Dr. Nelson is Professor of Philosophy at the University of Colorado where he has taught since 1950. Articles and papers by him have appeared in numerous scholarly journals and books in the United States and abroad.
In discussing university and secondary education we are treading upon holy ground. We are expected to tread with prayerful reverence. To be sure, we may condemn what universities and secondary education in fact are, but only in order to promote a more sublime (or expensive) picture of what they should be. The university and the secondary school have become objects of testy veneration and stern worship. An intellectual, political, and moral execution greets, with an almost sure predictability, the heretic who refuses to genuflect before them. Even those who, like Russell Kirk and the editorial writer of Barron’s, argue merely for the superiority of private over public education are likely to receive a few admonishing strokes on their back.1 Small heresies, after all, can lead to large ones, and large ones to the largest —the very rejection of formal education itself, private or public.
I suppose that, like a temple priest, I have been an "insider" too long to be awed either by the idols within the shrine or my fellow priests. In any case, I mean here to part company with the universal worship of formal education.2 Thus, I shall not ask, "How can secondary education better serve the university?" or "How can universities and secondary schools be improved to better fit the young for life?" I shall, instead, attack the common presupposition of these questions and others like them. It will suffice for this purpose to examine the last of the two questions I have hypothetically posed.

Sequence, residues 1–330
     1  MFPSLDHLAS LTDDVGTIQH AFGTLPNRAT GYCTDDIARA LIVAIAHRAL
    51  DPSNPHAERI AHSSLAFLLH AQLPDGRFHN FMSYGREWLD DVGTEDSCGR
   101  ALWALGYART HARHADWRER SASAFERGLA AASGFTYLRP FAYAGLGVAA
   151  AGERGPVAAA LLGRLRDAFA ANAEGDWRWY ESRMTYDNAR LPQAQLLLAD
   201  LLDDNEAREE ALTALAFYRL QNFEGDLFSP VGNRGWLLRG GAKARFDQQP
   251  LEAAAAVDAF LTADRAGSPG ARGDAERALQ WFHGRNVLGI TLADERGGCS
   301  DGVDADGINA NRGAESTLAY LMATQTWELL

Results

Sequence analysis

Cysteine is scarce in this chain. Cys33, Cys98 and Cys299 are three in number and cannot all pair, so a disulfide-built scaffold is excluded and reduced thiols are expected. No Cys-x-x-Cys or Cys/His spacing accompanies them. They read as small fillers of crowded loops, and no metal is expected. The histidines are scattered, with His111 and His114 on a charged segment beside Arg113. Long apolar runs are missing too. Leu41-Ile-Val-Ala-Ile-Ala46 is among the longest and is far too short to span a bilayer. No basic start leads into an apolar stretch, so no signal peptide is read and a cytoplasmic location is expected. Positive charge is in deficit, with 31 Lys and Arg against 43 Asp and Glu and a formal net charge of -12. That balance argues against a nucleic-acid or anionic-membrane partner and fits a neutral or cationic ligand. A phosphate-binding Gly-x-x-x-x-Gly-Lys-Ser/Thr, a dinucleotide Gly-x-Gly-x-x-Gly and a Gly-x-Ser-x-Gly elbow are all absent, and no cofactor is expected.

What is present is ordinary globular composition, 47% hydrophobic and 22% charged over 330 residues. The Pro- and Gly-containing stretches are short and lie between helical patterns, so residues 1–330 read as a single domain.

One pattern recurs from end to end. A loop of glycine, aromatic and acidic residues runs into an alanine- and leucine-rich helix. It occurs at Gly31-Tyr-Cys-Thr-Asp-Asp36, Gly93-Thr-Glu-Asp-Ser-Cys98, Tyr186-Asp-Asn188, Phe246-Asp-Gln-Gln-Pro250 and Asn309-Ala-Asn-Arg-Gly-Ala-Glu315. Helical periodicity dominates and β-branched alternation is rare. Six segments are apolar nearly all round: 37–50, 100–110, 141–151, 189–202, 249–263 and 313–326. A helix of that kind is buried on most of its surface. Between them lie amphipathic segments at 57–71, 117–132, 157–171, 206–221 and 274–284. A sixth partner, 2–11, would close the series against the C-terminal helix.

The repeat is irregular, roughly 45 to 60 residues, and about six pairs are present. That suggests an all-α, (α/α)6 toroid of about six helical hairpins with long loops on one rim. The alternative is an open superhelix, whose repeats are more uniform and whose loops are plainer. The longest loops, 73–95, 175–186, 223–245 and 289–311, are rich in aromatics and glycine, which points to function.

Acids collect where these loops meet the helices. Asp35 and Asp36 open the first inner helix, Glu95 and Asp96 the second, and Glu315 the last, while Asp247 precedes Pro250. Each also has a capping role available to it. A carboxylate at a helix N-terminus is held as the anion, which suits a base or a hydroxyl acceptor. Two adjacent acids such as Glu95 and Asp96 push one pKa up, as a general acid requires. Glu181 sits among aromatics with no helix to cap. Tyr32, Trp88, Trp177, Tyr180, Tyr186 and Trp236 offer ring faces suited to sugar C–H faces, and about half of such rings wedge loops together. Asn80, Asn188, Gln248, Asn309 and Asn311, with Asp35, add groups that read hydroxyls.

The question, "How can universities and secondary schools be improved to better fit the young for life?" presupposes that universities and secondary schools fit young persons for life. Now I do not wish to claim that university and secondary schooling unfit all persons for life. I am ready to agree that they do not unfit, for instance, the theoretical physicist for his life; or the savant in ancient languages for his; or the young aristocrat for his; or the priest for his. I do, however, want to claim that they unfit young persons for life by and large.
Different Ways of Life